Communing with the Bunnies
This is the first in a series of articles exploring the meaning and nature of Nature in all its manifestations.
I live high in the Rocky Mountains surrounded by Ponderosa pines with an east view over Boulder to the Colorado plains beyond. Each morning as dawn brightens, I exit the back door and call out, “Hello Bunnies!” My eyes slowly adjust until I pick out one or two (never more) small mountain cottontails nibbling their breakfast in our driveway. They sit relaxed on their haunches as I walk closer. About 10 feet away, I stand quietly and touch into their alert stillness.
This morning ritual is childlike and deeply nourishing. The bunnies are companions who help me connect with the natural world. Unconstrained by tortuous human concerns, they live at one with their rabbit-nature, expressing their likes and dislikes, joys and fear, playfulness and alarms.
The rabbit’s natural state is a kind of observant tranquility that can instantly transform into a startle or extravagant frolic. When they run, jump and twist in the air (called binkying), it’s as if their exuberance cannot be contained. I watched as one bunny chased another. The chased bunny crouched down low. Suddenly it leapt, twisting over the first bunny’s head, flopped down onto its belly and nonchalantly nibbled some weeds.
I’ve known my bunnies since they were a few weeks old. Attacking an overgrown patch of spring grass in my greenhouse, I uncovered a fur-lined nest of five huddled kits—adorable beyond description. They grew up and scattered, except for one who decided to hang around and mow the tops of my carrots. I apprehended the offender and transferred it to the dry drain hole where the colony (or fluffle) of rabbits lives. They hop out of this circular hole as day breaks.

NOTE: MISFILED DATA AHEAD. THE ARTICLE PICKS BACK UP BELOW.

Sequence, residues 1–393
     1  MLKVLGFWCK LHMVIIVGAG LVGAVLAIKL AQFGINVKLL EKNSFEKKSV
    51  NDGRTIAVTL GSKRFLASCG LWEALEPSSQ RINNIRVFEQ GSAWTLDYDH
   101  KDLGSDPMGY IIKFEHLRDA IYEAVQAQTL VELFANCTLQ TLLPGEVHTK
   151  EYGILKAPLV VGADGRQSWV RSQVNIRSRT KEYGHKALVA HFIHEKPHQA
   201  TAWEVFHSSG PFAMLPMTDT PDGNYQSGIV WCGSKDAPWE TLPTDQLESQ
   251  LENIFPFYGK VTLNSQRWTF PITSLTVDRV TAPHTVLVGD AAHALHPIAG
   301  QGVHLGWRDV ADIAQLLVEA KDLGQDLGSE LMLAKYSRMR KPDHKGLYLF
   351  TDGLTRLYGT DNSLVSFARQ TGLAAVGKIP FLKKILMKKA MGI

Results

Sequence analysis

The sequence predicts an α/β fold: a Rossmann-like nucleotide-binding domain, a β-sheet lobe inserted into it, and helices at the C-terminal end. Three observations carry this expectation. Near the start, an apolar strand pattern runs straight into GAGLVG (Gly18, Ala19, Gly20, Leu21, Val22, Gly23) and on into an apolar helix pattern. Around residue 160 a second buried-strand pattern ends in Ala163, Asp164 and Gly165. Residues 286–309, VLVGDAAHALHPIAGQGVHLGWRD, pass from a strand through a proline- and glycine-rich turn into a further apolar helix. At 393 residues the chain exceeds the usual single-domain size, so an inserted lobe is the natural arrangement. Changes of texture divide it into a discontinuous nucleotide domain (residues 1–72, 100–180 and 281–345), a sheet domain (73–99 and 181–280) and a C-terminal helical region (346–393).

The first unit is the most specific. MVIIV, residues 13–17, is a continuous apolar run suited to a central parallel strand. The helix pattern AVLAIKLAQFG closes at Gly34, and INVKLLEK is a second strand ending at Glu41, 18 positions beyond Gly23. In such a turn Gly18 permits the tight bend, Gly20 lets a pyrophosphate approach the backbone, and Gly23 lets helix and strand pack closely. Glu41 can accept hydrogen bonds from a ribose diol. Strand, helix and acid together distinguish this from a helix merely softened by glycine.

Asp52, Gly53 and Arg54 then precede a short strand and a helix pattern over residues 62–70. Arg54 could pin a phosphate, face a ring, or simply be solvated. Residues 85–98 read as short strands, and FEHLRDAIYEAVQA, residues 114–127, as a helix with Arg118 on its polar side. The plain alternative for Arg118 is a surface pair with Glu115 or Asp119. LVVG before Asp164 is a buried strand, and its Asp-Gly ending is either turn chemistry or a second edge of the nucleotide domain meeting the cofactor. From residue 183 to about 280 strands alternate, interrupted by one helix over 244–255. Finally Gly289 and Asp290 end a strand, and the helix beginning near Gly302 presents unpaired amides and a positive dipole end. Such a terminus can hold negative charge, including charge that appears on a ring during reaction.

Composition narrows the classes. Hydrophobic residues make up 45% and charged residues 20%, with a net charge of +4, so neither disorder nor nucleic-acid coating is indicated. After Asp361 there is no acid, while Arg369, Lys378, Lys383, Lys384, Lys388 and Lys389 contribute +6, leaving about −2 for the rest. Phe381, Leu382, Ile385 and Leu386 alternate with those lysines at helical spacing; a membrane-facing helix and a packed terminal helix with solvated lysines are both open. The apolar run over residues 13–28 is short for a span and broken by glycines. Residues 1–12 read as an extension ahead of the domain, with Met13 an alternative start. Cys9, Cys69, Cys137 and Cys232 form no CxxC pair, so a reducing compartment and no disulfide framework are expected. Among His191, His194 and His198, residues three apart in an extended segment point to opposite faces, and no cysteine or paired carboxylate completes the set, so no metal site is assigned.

One morning, I noticed a gray shadow under the wheelbarrow. A small speckled bobcat stood absolutely motionless, intensely focused on a young rabbit quietly
grazing. The predator slunk away as I went over to check on the clueless cottontail. Rounding a corner, I came face to face with the bobcat stalking its prey from the opposite direction. We looked each other in the eye and she grudgingly left.
Should I have allowed nature to take its course and let the bobcat eat a breakfast bunny? Was it un-natural to intervene? Nature is not kind or considerate; it expresses a distinctive and impartial set of values: diversity, extravagance and the constant interactions and flow of life. It has no place for sentimentality.
My feelings and one-sided relationship with the bunny prompted me to interfere in a normal organic process. It felt natural for me to protect my bunny, but was that action against Nature?
That leads to important questions: What is Nature? Are we part of the natural world or something set apart?
One definition of nature and natural are all those things humans have not altered or meddled with. Being in nature entails escaping urban bustle—cars and concrete—for a slice of landscape less disturbed by human exploitation: a walk in the wood, a hike in the mountains, a visit to a National Park. We consider nature as undeveloped, untamed and wild. In contrast, a humanly constructed world is pacified and domesticated—and oftentimes violated and disfigured.